New Mouse Notes

Two debuts of note at Walt Disney World. As is so often the case, Orlando Weekly Arts & Culture critic Seth Kubersky has the final word.

At the Magic Kingdom, Monsters Inc. Laugh Floor has been “previewing” for test audiences since last December but only recently had its official opening. The new show is the most ambitious implementation yet of Disney’s “living character initiative,” and it’s been the subject of an unusually public fine-tuning, with scripts being rewritten on an almost daily basis. Plus, it has the least appropriate acronym ever. The former home of The Timekeeper (a Circle-Vision film featuring Robin Williams) has been transformed into a faux comedy club, where the one-eyed Mike Wazowski is milking laughs to generate power for Monstropolis. Mike and Roz, along with a handful of forgettable new characters, appear “onstage” in the form of CGI projections, interacting with the audience via the same technology that powers Epcot’s Turtle Talk With Crush.

Unfortunately, while the surfer-terrapin is a dude, this new show is a dud. The computer animation, though improving, still stutters; best-loved characters Sully and Boo are absent; and the stale puns are aimed at second-grade kids. Some of Orlando’s best improv actors are working hard behind the scenes, saving it from being an outright disaster (like its neighbor Stitch’s Great Escape). Just don’t hurt yourself trying to rationalize how contemporary cartoons fit into Tomorrowland’s rapidly dissipating theme.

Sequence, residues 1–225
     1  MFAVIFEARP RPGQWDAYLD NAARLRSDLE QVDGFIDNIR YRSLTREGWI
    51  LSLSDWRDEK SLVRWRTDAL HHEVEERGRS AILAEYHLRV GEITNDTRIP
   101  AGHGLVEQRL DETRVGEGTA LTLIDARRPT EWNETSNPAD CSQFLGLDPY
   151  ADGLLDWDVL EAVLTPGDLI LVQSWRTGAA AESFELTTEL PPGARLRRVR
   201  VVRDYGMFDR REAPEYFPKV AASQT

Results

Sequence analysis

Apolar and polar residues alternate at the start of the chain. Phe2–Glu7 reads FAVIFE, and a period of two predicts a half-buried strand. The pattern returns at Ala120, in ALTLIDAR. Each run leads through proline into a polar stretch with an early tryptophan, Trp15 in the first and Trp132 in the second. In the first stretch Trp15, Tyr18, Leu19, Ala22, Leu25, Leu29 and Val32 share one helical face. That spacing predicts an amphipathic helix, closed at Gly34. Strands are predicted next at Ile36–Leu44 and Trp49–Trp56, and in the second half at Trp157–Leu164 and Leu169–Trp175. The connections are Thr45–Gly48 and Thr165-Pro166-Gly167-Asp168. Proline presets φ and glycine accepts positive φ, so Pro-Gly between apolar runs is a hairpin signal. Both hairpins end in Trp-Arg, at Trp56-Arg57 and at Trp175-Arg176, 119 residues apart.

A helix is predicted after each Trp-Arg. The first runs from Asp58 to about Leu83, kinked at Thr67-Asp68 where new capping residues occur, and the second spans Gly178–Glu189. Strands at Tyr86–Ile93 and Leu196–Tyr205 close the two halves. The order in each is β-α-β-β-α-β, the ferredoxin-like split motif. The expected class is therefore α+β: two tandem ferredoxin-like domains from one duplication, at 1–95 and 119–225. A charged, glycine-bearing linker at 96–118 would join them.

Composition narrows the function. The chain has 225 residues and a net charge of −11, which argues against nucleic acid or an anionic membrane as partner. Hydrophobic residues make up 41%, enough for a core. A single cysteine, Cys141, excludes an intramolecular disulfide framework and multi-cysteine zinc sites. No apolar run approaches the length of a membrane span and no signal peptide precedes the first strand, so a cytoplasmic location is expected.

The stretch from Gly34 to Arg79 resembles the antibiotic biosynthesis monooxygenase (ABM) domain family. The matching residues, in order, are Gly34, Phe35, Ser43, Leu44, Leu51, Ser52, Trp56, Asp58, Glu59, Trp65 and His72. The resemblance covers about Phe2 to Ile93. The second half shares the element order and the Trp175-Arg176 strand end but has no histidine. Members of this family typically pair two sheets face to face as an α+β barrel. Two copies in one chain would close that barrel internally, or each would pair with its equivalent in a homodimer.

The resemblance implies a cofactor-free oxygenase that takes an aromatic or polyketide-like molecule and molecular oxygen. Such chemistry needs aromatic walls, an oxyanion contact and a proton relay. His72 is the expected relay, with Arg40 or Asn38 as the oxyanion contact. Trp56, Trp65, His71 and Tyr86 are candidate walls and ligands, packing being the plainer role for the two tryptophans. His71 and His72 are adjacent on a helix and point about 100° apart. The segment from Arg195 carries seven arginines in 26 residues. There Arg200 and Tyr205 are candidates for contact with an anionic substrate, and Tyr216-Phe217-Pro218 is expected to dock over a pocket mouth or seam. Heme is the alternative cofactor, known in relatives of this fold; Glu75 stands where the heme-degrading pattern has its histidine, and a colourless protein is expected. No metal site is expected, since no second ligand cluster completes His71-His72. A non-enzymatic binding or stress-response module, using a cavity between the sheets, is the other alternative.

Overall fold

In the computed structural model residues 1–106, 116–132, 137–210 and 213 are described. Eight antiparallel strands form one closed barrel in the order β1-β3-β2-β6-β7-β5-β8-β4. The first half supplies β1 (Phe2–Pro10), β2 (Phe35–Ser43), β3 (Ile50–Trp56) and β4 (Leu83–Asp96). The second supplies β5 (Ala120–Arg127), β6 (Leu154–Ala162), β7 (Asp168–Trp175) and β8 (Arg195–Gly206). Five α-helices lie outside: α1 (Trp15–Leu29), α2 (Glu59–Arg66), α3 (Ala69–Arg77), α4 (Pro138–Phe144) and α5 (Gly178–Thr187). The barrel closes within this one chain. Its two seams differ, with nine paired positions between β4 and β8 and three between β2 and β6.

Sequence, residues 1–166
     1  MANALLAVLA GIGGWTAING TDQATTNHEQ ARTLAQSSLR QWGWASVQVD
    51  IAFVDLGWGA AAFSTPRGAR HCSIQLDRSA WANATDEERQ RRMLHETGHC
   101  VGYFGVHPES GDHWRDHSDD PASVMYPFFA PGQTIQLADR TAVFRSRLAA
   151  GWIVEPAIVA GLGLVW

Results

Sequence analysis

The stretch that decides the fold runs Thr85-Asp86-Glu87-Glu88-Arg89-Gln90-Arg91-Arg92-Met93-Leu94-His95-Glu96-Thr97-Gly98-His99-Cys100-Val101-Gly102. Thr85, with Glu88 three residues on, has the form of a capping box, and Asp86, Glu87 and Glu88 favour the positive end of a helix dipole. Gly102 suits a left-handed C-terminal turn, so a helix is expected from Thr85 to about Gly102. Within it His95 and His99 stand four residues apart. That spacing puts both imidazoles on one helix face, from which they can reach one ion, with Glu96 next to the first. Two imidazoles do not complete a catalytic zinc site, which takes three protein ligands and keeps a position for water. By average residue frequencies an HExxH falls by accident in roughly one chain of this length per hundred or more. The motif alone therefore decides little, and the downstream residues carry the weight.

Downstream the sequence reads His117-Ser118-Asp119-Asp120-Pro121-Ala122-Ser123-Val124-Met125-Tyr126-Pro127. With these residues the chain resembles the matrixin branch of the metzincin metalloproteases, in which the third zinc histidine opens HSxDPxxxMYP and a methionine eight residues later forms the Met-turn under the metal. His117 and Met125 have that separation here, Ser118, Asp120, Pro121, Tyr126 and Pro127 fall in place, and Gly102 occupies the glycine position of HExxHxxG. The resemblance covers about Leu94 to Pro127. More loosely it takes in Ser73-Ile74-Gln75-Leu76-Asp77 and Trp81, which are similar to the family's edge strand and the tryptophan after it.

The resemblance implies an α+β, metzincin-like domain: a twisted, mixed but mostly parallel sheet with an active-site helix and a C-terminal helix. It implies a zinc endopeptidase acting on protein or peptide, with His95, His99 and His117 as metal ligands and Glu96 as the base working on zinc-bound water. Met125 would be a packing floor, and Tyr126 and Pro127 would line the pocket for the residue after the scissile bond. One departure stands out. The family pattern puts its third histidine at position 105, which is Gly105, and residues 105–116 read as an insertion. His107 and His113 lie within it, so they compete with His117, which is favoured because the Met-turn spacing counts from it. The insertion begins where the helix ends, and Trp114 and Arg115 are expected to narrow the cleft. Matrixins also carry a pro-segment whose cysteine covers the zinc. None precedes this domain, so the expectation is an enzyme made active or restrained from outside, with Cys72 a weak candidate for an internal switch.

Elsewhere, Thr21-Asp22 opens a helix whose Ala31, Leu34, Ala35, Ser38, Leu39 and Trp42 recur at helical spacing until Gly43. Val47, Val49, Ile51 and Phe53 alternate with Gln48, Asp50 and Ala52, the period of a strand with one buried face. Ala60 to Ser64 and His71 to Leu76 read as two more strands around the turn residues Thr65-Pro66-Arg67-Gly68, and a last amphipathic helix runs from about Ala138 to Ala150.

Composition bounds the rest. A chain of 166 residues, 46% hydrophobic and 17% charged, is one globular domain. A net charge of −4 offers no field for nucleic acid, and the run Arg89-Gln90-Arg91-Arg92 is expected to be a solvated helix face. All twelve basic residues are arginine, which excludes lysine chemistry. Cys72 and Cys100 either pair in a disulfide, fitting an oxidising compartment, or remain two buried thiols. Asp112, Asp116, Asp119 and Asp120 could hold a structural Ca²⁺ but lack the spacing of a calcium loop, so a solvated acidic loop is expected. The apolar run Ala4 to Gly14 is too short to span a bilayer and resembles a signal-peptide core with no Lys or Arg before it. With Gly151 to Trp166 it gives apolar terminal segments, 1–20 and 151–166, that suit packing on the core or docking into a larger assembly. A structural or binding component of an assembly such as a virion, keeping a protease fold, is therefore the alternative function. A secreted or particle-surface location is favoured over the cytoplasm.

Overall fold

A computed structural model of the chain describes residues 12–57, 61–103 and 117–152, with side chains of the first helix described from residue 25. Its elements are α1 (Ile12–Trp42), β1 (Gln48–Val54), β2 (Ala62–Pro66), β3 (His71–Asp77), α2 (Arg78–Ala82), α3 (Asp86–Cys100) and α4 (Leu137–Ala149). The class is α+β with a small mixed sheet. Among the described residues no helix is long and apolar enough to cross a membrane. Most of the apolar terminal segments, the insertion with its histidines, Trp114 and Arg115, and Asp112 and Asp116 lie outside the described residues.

He has kinder words for the revamping of the Ageing Rio Del Tiempo ride at the Mexico Pavilion in Epcot’s World Showcase.

El Rio del Tiempo, has re-emerged from a brief rehab as Gran Fiesta Tour Starring the Three Caballeros. By adding Donald Duck and his feathered co-stars from the 1944 Latin American travelogue, much-needed life has been injected into a ride that was formerly only notable for a theme song that burrowed into your brain.

Though the Mexican-American artists who helped craft the opening-day original were attempting to give visitors a taste of their culture, many riders dismissed it as It’s a Small World en Español. The video projections of bewildering interpretive dancers and late-’70s-vintage tourist traps have all been replaced with fresh animation featuring Donald and his poultry pals as they race to a concert in Mexico City. The best elements of the old have been retained (the atmospheric riverside volcano and Acapulco cliff divers) while the most cringe-inducing (stereotypical street vendors and creepy marionettes) are history.

The renovation isn’t perfect (the finale is sorely lacking in animatronic fowl) but it’s enough to give fans hope that the upcoming changes to Spaceship Earth will be worth the wait.

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